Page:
Rear-End Collisions

According to the Federal Motor Carrier Safety Administration (FMCSA), nearly half a million commercial trucks are involved in accidents across the United States annually.

The Houston truck accident lawyers at The Krist Law Firm, P.C. work regularly with accidents involving rear-end collisions. We take action immediately to investigate whether an accident involving a commercial truck may have occurred due to someone else’s negligence. We work to identify all responsible parties and to pursue full and fair compensation on your behalf.

Because of our extensive experience handling commercial truck accident cases, we know how to move quickly to preserve important evidence — and how to build strong cases to demonstrate to a jury why you deserve compensation for the injuries you suffered.

Safety Risks Associated With Rear End Trucking Collisions

Rear-end collisions occur when either the truck collides with the back side of another vehicle or, less commonly, when a passenger vehicle strikes the rear of a truck. In either scenario, injuries tend to be severe due to the size and momentum a commercial truck can achieve while in motion.

Regardless of the way a rear-end truck collision occurs, the results of a crash like this one are almost always devastating because of the disparity in size between a commercial truck and the passenger vehicle.

Because a typical passenger vehicle weighs about 3,000 pounds and commercial semi-trucks can weigh 80,000 pounds or more, the damage to the passenger vehicle is almost always more substantial, and the injuries sustained by the driver and passengers typically are much worse than those sustained by a commercial truck driver.

In addition, the bumpers on commercial trucks are higher than those on passenger vehicles, so on impact a commercial truck typically will bypass a passenger vehicle’s designated compression zone and cause damage that the car isn’t rated to handle.

Common Causes of Rear-End Truck Crashes

The FMCSA’s study on truck rear-end collisions found a number of common contributing factors in these types of crashes. These factors included:

  • Poorly maintained or malfunctioning brakes.
  • Driving under the influence of drugs, alcohol or other controlled substances. This could be on behalf of the driver of the passenger vehicle or of the truck. However, truck drivers have long been known to use stimulants to combat driver fatigue, which can contribute to distracted driving or other impairments.
  • Poor lighting conditions on the road.
  • Malfunctioning lighting on a vehicle.
  • Failure to use turn signals.
  • Distracted driving.
  • Driving while severely fatigued.

Of all the rear-end collisions that resulted in a fatality, nearly 50 percent of the accidents occurred when a truck was hit by another vehicle on dark roads.

Houston Underride Guard Failure

Although there have been advances in vehicle design in recent years, passenger vehicles simply do not provide adequate protection in a Texas truck rear-end collision. The physics nearly always works against the driver of a passenger car in these types of accidents.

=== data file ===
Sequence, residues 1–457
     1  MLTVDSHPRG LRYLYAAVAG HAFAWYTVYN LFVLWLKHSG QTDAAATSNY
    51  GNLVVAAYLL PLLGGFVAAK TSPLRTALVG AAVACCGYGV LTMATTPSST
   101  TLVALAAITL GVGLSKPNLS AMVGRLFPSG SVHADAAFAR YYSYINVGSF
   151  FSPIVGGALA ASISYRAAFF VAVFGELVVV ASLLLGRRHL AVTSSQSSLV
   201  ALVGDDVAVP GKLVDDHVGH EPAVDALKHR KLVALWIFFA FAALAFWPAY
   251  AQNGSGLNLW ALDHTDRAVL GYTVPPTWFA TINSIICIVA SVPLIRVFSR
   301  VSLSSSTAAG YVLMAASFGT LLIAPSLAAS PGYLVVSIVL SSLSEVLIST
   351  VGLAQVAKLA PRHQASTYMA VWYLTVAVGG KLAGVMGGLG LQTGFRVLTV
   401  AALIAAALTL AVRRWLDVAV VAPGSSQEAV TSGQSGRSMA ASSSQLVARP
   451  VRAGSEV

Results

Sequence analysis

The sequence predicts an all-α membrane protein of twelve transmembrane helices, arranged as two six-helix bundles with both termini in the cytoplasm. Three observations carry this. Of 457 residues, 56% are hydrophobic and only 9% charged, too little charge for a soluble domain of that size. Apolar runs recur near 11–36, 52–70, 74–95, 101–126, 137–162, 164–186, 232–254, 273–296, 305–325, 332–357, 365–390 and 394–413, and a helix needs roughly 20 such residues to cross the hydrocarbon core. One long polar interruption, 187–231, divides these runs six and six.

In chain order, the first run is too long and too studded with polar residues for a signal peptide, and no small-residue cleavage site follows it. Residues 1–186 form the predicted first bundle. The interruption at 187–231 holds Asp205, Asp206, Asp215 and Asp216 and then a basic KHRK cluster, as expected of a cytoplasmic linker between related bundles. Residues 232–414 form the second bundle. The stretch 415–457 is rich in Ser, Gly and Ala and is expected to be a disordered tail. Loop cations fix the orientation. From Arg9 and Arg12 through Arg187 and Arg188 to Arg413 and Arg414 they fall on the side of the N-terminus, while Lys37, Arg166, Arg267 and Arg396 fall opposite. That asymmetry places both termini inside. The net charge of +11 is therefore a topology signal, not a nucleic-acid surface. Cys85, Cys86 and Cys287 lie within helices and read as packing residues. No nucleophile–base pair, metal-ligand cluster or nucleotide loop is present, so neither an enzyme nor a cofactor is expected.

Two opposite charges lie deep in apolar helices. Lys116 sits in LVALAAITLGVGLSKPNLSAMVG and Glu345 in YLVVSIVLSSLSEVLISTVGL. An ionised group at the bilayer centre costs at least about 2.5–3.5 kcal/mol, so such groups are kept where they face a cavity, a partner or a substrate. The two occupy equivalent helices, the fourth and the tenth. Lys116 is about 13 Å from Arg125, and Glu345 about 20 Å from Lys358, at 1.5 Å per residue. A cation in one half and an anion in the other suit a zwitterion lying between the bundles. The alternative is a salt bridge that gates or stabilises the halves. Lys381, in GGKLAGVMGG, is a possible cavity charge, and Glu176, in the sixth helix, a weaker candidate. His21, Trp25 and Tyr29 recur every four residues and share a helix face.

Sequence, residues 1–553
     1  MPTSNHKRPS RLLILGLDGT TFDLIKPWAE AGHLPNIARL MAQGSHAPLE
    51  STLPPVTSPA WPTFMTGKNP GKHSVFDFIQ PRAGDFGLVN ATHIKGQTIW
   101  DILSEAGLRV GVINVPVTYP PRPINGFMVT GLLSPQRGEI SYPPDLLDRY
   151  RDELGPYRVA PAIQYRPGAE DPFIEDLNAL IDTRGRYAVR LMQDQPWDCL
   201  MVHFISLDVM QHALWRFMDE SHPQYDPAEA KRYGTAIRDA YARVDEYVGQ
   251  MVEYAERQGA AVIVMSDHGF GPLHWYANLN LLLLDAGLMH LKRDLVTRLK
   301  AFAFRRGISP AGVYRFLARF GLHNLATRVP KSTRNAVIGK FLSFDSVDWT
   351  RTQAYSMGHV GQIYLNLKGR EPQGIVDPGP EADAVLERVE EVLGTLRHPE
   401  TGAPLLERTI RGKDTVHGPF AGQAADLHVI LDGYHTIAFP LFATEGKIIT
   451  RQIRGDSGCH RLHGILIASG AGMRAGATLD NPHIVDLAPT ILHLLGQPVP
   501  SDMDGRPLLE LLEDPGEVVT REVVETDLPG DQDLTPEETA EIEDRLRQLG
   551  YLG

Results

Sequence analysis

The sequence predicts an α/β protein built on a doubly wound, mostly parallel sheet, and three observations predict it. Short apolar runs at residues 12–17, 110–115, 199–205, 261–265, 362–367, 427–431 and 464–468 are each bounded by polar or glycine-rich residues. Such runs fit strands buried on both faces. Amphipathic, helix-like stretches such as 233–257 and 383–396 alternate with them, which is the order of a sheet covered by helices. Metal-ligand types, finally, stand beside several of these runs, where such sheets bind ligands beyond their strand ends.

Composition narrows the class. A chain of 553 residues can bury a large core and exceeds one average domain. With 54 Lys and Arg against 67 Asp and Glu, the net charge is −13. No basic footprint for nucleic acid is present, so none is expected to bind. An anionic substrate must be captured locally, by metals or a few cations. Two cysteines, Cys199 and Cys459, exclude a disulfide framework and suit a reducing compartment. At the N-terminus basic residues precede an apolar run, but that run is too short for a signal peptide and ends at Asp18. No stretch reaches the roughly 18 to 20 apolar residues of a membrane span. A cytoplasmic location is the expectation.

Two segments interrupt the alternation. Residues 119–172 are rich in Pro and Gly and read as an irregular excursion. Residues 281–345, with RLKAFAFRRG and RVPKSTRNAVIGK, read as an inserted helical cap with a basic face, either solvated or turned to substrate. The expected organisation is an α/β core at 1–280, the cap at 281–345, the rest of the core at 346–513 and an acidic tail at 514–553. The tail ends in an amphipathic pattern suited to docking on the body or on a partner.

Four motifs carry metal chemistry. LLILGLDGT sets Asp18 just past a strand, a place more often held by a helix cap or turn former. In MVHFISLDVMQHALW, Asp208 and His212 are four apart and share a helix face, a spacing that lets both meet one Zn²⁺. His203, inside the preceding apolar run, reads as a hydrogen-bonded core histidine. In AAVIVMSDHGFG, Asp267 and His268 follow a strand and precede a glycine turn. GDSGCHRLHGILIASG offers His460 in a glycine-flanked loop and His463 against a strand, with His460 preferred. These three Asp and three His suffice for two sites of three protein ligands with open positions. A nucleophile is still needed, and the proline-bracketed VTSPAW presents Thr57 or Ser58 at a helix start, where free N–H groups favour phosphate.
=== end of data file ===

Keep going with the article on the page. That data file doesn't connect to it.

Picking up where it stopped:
The bottom of the trailer of a commercial 18-wheeler is about the same height as the average passenger vehicle’s windshield. When a car hits the back side of an 18-wheeler, the windshield and roof pillars are the only safety mechanisms protecting the driver of the vehicle and its passengers.

This means a typical car can slide right underneath a tractor-trailer, even at low speeds, causing the roof of the smaller vehicle to shear off until the car hits the truck’s back tires. This type of rear-end collision is called an underride accident. Underride accidents, unfortunately, have the highest fatality rate among all other types of car vs. truck accidents. Similar incidents in which a truck rolls over a passenger vehicle are called “override accidents” and can be equally gruesome to witness.

Most 18-wheelers are equipped with a piece of equipment called an underride guard in order to prevent this type of crash. However, it is not uncommon for these guards to fail to stop a car from sliding underneath the trailer during an underride collision.

The Insurance Institute for Highway Safety (IIHS) has advocated for the National Highway Transportation Safety Administration to strengthen the standards for underride guards. The organization’s position is that all commercial trucks should be required to install underride guard rails in their commercial vehicles.

However, these admonishments continue to fail to adequately protect victims of Houston underride accidents involving commercial trucks as the trucking industry continues to advocate for fewer safety measures and less regulation of an increasingly deadly business.

Contact Our Houston Truck Accident Lawyers

Often victims involved in Houston rear-end collisions mistakenly believe they are at fault in these types of accidents because of the long-held and mistaken belief that rear-end accidents are always clear-cut in terms of liability. In fact, these types of rear-end collisions can be extraordinarily complex and finding the at-fault party requires special legal and investigatory proficiency.

Call the Houston truck accident lawyers today at or contact us by using the form below to learn how we can help you obtain the compensation you deserve. We offer a free consultation and charge no fees unless we recover compensation for your injuries.